by Miki Marks
One of Nature’s life-and-death dramas played itself out in our conservatory the other day. First, there was a loud buzzing noise and on looking up we saw a large insect – wasp-like but bigger. It settled on one of the glazing bars – and we were able to see that it had very long, articulated legs and a yellow and dark brown striped abdomen. Not a wasp, but a hornet.
I was just about to get out my ‘rescue kit’ which consists of a glass tumbler and a stiff cardboard postcard when we saw, intrigued and a little horrified, a spider appearing. It was a third of the size of the hornet and moved with amazing speed and efficiency and spun its thread all round the hornet’s long brown legs, immobilizing it. The hornet wiggled and struggled desperately, and despite being a most successful predator, on this occasion was the loser.
We do not interfere when things get to this stage, and soon the hornet was dead. Next morning I prised it out of its sticky cobweb shroud to get a closer look. I had read reports, and warnings about increasingly frequent sightings of the Asian Hornet. Dubbed ‘the Killer Hornet’ for the way it attacks beehives, and causes significant loses. It is thought it was inadvertently imported from China in a box of pottery and is spreading successfully in southern and western England – and if you come across one, you need to report it.
How to tell the difference? The Asian hornet is smaller than the European one – but its legs are yellow, not brown. Only the 4th segment of the abdomen is dark yellow, and it has a black head and a yellow face. The abdomen of a European hornet is a stripy black and yellow.
When I looked again at the web that spider had woven to trap the hornet, I wondered how it was that it avoided trapping itself. It had created in such a short time a dense, enwrapping film. My nature books could not help with this – so I Googled it and found under ‘Questions people often ask’ that I was not the first to wonder how spiders avoid being caught up in their webs.
Unlike prey which blunder into webs and then struggle, getting even more entangled, spiders move nimbly with only the hair at the tips of their legs making contact with the sticky silk. The tips of the legs have a non-stick coating, just in case, and not all strands of the cobweb are sticky. The spider puts droplets of glue on selected threads and leaves itself a clear pathway.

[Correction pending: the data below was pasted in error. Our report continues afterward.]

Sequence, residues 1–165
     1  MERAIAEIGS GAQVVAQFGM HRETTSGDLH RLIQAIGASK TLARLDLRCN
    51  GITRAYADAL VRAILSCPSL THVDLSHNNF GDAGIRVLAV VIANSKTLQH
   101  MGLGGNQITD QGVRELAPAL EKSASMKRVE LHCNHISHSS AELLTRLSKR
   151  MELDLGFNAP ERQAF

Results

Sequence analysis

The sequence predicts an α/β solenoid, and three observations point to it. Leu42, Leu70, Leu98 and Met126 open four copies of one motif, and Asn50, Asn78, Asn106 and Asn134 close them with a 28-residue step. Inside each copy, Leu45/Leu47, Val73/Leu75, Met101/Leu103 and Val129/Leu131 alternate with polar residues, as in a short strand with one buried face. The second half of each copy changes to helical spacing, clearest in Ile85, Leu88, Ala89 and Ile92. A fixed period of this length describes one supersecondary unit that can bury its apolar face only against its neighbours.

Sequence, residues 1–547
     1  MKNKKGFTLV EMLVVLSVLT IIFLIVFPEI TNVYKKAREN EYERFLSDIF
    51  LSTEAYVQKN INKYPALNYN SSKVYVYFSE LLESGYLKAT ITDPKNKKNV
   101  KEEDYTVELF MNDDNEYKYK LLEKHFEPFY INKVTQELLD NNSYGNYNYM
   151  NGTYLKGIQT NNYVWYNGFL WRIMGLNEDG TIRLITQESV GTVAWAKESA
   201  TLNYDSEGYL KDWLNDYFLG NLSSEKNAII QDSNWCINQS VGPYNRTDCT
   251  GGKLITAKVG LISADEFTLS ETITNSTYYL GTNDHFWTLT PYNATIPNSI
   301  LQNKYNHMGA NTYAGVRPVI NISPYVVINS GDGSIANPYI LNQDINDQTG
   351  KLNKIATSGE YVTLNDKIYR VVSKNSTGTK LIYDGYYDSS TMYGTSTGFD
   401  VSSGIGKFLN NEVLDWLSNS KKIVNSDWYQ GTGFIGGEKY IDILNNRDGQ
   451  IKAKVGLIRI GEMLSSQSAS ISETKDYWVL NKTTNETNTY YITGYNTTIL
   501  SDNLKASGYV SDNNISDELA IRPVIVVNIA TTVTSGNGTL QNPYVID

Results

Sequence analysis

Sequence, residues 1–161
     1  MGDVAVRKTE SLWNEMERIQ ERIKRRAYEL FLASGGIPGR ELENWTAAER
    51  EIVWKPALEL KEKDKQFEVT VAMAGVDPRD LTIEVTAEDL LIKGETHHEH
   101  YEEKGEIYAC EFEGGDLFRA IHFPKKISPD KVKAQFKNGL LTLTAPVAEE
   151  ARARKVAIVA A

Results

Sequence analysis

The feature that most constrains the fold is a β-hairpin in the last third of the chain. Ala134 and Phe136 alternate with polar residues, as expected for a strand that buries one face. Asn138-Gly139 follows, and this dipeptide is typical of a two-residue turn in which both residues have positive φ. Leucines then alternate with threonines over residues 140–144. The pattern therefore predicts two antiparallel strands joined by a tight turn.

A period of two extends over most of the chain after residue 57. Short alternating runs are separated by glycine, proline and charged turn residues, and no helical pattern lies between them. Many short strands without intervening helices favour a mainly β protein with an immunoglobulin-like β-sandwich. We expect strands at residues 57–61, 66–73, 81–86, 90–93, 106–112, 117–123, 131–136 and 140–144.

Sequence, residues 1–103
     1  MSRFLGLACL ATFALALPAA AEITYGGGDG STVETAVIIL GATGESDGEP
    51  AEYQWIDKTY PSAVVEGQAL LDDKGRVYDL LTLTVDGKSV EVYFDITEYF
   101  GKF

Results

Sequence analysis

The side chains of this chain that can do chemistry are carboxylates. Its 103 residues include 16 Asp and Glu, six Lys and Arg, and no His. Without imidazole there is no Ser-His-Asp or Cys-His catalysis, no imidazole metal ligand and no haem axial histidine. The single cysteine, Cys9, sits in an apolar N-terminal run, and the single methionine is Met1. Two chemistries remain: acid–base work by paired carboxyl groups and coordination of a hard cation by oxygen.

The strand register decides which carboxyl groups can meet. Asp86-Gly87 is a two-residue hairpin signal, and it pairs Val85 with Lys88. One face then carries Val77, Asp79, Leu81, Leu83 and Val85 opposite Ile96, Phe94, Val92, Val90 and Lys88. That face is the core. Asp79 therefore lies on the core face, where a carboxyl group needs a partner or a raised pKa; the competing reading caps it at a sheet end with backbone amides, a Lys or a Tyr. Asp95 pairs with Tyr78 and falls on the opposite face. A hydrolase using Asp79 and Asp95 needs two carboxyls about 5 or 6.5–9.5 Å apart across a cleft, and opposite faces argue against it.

The Latin name for hornet is Vespa. Perhaps you remember those charismatic little scooters made in Italy called vespas? Vespa is wasp in Italian – but the idea is the same; naming the machine after a loudly buzzing insect. I was interested to read that the scooters were made from actual pieces of landing gear from Mussolini’s planes. Just shows where a search on Google can lead!
Gordon Harvey gave Cranleigh two fields in memory of his wife. Part of these fields are where we have our conservation site. He wanted his gift to be used and enjoyed by all.
He would have been very pleased, I think, to see members of the Cranleigh Arts and Crafts Society setting up their easels, getting out their materials and spending some happy hours on the site. It would be wonderful if this became a regular event, and to have a painted record of the seasonal changes on Beryl Harvey Fields, in addition to our collection of beautiful photographs.
This hot, dry summer brought increasing incidences of wildfires to this country. Most wildfires are started by people, usually accidentally – portable barbecues being one of the main culprits. Research has shown that in Spain and Portugal large scale abandonment of farmland with no livestock to control the resulting bushes and undergrowth has contributed significantly to the spread of fires.
It is possibly that climate change and the trend to re-wilding, which leaves tracts of land with as little management as possible, will result in this country being more fire-prone. Environmental issues are never simple – beware anyone who thinks that they are!
Beryl Harvey Fields is Cranleigh’s nature conservation site. We need volunteers.